Book by John Hartmere & Damon Intrabartolo, music by Damon Intrabartolo, lyrics by John Hartmere. Lane Cove Theatre Company. The Performance Space @ St Aidan’s, 1 Christina Street, Longueville. May 10 – 25, 2019
Reviewed : May 11, 2019
Bare is not your usual musical. Sure, it’s about love and trust, but its also looks at them in a very different setting and through a much broader, more inclusive eye. Bare is the love story of two schoolboys in a catholic boarding school in America or anywhere. There are whimsical moments, very touching moments and some amusing moments – all told in thirty-six musical numbers that vary in pace and style. Singing a story isn’t ever easy. Singing it when it involves such poignantly contemporary themes is even more challenging. But this production does it with amazing compassion and tenderness.
Lane Cove Theatre Company has a reputation for punching above the expected. Bare is no exception. Director Kathryn Thomas, who directed Next to Normal last year, has brought another ‘different’ musical to the very small space that the company calls home. Thomas says: “I love the show because it captures vulnerability and struggle with all facets of adolescence, from sexuality to body image”. Co-director Isaac Downey adds that it “resonates acceptance, blind faith and love”.
Thomas always directs with a carefully considered vision and empathy, for the themes and the performers. With Downey in this production, she uses space economically and levels to emphasise connections and contrasts. They manage the large cast judiciously, blocking tender scenes perceptively and choreographing the dance numbers to reflect the youthful energy and zest of the characters the cast portray.
Musical director Steve Dula has a feel for the space, adjusting the volume to endow the voices – which, thankfully, are un-amplified, making the touching scenes more natural and evocative. Lighting plays its part, enhancing the more delicate moments, augmenting the pace and humour of the dance numbers.
This is another brave production of which the company, the directors and the dedicated cast and creatives should be justly proud.
The relatively young, but talented, performers who play the students, have responded to the themes and direction with enthusiasm and passion. All work as a tight ensemble whether at prayer in the opening scene (“Epiphany”) or at the birthday party that turns into a rave (“Wonderland”), or as observers in more poignant scenes where they support the protagonists played by Matt Shepherd, Mackinnley Bowden and Edan McGovern
These three performers carry some of those delicate scenes. Shepherd and Bowden, as roommates and secret lovers, Jason and Peter, find the vulnerability of their characters with a control that suggests much greater stage experience. They tell their story in songs where phrasing, timing and range are sometimes difficult, yet they manage this whilst at the same time conveying the depth of confusion and emotion that the teenagers they portray might feel. They have many beautiful duets, among them “Best Kept Secrets”and the title song, “Bare”.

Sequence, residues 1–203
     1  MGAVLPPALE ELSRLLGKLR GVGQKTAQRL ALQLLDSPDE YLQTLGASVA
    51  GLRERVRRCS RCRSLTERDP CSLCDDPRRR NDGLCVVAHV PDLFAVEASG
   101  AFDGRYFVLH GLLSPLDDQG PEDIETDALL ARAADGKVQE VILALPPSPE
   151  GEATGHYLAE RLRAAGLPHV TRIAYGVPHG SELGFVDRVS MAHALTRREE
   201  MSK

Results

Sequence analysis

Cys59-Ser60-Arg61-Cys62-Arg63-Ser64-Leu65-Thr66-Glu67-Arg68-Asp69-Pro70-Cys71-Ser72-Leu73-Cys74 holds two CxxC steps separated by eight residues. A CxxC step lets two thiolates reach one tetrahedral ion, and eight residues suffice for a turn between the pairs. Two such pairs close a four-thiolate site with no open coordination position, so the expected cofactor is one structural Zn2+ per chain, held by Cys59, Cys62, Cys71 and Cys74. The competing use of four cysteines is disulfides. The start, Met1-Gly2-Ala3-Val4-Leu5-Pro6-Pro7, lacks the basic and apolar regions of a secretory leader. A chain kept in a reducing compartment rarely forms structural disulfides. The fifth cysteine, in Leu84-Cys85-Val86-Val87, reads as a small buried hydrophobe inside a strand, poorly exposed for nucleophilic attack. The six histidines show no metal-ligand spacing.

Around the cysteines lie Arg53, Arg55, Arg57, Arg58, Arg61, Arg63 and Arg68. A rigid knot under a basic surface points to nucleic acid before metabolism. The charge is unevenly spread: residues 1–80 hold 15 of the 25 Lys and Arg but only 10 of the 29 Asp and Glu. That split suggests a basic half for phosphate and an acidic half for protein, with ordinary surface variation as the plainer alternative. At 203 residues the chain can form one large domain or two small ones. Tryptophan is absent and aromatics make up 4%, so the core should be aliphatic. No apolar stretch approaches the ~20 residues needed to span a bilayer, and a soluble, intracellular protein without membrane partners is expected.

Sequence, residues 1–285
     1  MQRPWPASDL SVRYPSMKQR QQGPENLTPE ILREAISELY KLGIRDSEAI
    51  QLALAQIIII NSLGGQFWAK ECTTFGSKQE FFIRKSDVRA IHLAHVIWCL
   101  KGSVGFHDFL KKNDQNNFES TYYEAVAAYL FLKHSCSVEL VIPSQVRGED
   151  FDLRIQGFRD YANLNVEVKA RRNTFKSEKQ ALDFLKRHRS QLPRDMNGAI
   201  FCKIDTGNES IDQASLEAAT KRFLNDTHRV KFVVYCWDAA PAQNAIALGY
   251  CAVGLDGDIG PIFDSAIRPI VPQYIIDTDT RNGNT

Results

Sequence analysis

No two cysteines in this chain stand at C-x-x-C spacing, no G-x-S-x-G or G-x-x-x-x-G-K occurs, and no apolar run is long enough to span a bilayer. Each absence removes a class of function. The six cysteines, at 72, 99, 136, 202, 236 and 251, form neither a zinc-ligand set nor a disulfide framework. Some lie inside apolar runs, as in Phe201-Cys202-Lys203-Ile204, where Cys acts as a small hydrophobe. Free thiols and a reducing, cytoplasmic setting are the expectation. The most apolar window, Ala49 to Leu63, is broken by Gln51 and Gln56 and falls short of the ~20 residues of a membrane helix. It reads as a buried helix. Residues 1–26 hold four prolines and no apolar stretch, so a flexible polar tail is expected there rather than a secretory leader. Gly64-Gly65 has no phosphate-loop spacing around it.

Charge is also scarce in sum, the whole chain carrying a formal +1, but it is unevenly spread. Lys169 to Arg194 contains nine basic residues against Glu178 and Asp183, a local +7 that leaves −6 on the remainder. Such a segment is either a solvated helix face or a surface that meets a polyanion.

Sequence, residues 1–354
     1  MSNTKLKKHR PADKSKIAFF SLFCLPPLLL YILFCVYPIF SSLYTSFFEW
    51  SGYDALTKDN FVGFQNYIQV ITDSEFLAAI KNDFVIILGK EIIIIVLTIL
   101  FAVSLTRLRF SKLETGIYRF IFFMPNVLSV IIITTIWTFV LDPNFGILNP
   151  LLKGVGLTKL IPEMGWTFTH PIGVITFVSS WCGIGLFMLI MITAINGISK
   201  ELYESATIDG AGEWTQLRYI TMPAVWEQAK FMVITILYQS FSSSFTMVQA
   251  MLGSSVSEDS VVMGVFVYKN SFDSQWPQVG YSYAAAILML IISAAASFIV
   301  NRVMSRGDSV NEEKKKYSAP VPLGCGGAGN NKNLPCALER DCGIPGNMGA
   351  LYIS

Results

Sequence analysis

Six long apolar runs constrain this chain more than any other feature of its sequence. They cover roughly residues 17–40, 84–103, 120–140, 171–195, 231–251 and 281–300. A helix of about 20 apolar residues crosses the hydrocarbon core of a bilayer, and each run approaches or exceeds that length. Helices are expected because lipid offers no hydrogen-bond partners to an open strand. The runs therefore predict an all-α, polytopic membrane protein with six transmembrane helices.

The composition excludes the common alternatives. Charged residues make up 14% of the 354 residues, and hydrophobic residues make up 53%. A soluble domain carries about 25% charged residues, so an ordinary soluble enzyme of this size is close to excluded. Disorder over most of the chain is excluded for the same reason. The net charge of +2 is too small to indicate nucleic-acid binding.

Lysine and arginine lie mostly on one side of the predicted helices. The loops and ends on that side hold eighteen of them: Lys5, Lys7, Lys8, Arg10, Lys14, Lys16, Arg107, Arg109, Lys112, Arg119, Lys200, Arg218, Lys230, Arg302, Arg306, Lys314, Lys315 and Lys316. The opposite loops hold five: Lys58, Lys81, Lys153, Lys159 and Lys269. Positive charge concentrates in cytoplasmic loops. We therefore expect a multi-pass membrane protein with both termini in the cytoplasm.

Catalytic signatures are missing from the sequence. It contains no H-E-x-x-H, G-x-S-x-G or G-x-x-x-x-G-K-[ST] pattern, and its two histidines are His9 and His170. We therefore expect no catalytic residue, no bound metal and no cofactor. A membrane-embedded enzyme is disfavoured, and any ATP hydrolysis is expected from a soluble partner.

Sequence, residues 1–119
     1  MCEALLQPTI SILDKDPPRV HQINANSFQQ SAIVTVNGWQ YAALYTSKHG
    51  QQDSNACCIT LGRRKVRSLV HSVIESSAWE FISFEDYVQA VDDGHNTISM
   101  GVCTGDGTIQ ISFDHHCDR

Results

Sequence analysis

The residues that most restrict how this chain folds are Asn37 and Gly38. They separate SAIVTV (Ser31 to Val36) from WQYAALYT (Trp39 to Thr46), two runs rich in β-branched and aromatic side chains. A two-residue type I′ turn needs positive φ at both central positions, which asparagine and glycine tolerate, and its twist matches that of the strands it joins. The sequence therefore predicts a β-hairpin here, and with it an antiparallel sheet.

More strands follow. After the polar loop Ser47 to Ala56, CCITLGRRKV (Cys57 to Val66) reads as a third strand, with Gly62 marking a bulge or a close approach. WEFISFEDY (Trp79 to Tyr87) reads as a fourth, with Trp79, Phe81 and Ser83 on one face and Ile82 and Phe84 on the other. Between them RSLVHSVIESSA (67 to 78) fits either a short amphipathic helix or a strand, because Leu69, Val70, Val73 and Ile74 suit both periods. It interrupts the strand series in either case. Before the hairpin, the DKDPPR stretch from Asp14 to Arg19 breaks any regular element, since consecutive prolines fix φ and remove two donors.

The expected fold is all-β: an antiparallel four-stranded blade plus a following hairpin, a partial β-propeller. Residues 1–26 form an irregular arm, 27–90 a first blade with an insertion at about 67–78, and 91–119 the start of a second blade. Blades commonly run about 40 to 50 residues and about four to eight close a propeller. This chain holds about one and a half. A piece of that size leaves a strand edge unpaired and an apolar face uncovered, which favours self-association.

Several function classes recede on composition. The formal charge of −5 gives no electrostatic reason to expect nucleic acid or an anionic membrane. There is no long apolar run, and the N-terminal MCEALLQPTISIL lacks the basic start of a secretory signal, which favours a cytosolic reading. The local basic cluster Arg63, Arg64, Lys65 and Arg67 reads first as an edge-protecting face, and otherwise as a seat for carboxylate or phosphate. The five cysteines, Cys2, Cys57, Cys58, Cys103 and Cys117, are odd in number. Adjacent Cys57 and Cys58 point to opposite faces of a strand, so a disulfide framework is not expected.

McGovern plays the difficult role of Ivy, who is also in love with Jason. McGovern uses a mature restraint that lends depth and conviction to the character. She uses her eyes expressively to heighten the emotive highs and lows of the journey the character makes. Whether singing and dancing, or slowly accepting rejection and shame, McGovern is persuasively in the moment. Her rendition of “Touch My Soul” lingers in the memory.
Lucy Koschel takes on the difficult role of Nadia, Jason’s overweight, perceptive sister – and Ivy’s roommate. Her performance of “Plain Jane Fat Ass” finds the agony of the sentiments it expresses, as well as the humour that is incorporated in the words.
Another difficult role is that of Matt, who is love with Ivy. Christopher O’Shea finds the debilitation of rejection in his portrayal of this dispirited young man.
The ‘adult’ roles in this coming-of-age musical are representative but beautifully incorporated into the story. Kristin Kok as Peter’s mother, Claire, has been aware his sexuality for years, but is shamefully in denial. Anthony Mason is the rigidly doctrinarian priest who can’t allow his compassion to override his religious beliefs.
Carmel Rodrigues plays a much less constraining part as Sister Chantelle, the nun who is directing the school’s production of Romeo and Juliet. Rodrigues is a ball of energy who brings the vital contrast that balances the emotion of the play. She sings and dances, admonishes the audience – and make a hilarious appearance in a dream sequence.
There are some haunting lines in this musical: “Do you watch me when I cry”… “I’m left with my courage alone” … “pain adores me, God ignores me” … “everything’s an act when you’re pleasing everyone” …
This is another brave production of which the company, the directors and the dedicated cast and creatives should be justly proud. It deserves to be seen and heard by a bigger audience.